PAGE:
Chapter 16
A Community of Tennessee Writers, Readers & Passersby

We Love Imperfectly

In Anything is Possible, Elizabeth Strout explores the intricacies of human frailty

Fresh on the heels of her number-one New York Times bestseller My Name is Lucy Barton, Elizabeth Strout returns with a remarkable collection of stories limning the lives of small town Midwesterners. Recalling the form of her Pulitzer Prize-winning collection, Olive Kittredge, Strout has structured the book such that each story can stand alone though they form a cohesive whole taken together, with the protagonists of each tale appearing either as secondary characters or subjects of conversation in the others.

Photo: Leonardo Cendamo

Hovering over it all is the presence of Lucy Barton, who long ago fled the shame of poverty in the desolate Illinois town of Amgash. Lucy’s identity as one who ran away and went on to achieve fame as a writer in New York has made her a sort of nexus of memory in the minds of the people she left behind. Given how quickly Anything is Possible follows My Name is Lucy Barton, one can’t help but wonder if the two projects were written in tandem—the first, a searing study of the fraught relationship between a daughter and her long-estranged mother; the second, a complex illumination of the lives of those who never escaped their own varyingly bleak origins—or who thought they had, only to discover that the scars they bear will never fade.

Lucy Barton returns in one story to discover from her fragile brother and bitter sister how much she has misunderstood about their damaged family. Otherwise, she is present in this new volume primarily as a memory for those who knew her as a tragic waif burdened with a violent, tormented father and an emotionally distant mother.

“Signs,” the first story in Anything is Possible, introduces Tommy Guptill, the janitor at Lucy’s school, who had been a dairy farmer before a tragic fire forced him to take up a humbler means of supporting his family. Tommy regrets having forced his children to go “from having their home be a place that class trips came to…to having to see their father as the man who pushed the broom over the ‘magic dust’ that got tossed over the throw-up of some kid who had been sick in the hallways.” And yet Tommy himself, like many of the other people who populate these haunting stories, believes he has moved forward and found meaning in his loss. Then, years later, he learns something that shakes the foundation of faithful optimism that has enabled him to live without regret.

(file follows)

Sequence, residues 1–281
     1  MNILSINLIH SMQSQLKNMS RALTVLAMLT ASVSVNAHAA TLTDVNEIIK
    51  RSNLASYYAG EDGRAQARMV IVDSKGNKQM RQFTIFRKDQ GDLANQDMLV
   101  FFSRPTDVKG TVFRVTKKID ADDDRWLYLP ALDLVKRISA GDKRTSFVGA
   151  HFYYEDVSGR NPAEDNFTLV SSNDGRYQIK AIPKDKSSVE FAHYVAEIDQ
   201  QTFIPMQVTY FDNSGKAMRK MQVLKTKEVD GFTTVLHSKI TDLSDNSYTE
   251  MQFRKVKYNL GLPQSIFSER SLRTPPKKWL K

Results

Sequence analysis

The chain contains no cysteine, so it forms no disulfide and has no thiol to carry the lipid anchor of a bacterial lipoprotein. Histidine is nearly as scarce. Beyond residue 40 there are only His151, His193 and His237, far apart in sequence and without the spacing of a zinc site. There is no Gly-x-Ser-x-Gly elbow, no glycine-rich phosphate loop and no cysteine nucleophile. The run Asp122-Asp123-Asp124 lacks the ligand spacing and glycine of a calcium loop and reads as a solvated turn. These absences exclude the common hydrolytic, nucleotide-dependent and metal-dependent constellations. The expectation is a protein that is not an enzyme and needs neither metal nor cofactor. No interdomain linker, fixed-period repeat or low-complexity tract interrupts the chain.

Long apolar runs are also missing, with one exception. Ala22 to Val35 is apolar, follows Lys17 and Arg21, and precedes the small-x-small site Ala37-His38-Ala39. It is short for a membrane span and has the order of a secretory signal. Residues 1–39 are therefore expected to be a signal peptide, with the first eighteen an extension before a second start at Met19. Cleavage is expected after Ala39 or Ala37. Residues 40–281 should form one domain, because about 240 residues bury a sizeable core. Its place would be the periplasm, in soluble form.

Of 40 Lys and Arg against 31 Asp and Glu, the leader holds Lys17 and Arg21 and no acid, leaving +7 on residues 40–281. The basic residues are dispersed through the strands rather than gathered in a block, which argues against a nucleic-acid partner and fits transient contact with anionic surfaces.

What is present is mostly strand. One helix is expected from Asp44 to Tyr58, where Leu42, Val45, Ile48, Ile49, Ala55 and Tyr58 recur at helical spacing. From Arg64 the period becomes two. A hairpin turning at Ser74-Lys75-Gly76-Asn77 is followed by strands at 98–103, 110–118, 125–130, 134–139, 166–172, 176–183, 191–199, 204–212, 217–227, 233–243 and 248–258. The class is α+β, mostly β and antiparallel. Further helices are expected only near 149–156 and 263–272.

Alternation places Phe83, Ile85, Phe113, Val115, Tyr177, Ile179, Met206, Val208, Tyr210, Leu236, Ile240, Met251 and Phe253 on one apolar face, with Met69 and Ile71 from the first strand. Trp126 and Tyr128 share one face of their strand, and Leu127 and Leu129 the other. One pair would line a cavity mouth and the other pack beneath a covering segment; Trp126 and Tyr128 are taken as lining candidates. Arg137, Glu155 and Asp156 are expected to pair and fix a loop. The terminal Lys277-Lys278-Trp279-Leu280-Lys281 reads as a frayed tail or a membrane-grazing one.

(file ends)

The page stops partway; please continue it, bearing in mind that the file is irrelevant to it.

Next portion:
Most of the stories in Anything is Possible follow similar trajectories, calling to mind the epiphanies of James Joyce’s Dubliners and the enigmatic revelation of grace in the stories of Flannery O’Connor. Strout ingeniously links these tales, at once providing a fuller picture of her protagonists’ lives by showing them through the eyes of others and illustrating what the people of small towns know best: that we are all connected, in the midst of the same struggle. “We’re all just a mess, trying as hard as we can,” thinks Patty Nicely, a recently widowed school guidance counselor. “We love imperfectly, but it’s okay.”

Anything is Possible also pays tribute to the dogged optimism of rural Midwesterners—both the plainspoken, unassuming Lake Wobegon variety and also the Jay Gatsbys, arms extended toward the ever-receding green light. The few who do get away must make their own reckonings with those they’ve left behind. In “Mississippi Mary,” an aging woman has escaped an unhappy marriage for a dreamlike second life with a younger man named Paolo in a village on the Southern coast of Italy. When her adult daughter vents her spite over having been abandoned, Mary pleads for understanding: “But this was life! And it was messy!” Indeed, it is, even for small-town people whose lives appear to be simple.

This rich, luminous volume makes clear why Elizabeth Strout has become one of the most celebrated and beloved literary voices of her generation. For stories that so nimbly and gracefully peel back the layers of human identity and self-consciousness, the most useful comparison is the old masters. Like Joyce, Strout gives Homeric scope to the lives of outwardly unremarkable people. And she is somehow able to plumb such depths in prose that is lyrical and incisive but as unadorned and direct as her characters. Her sentences feel effortlessly fluent, the insights both brilliant and natural, bearing the weight of universal truth. Not a single word is misplaced in this extraordinary book, the title of which is apt, for Elizabeth Strout has proved again that, indeed, anything is possible for a writer of such seemingly limitless gifts.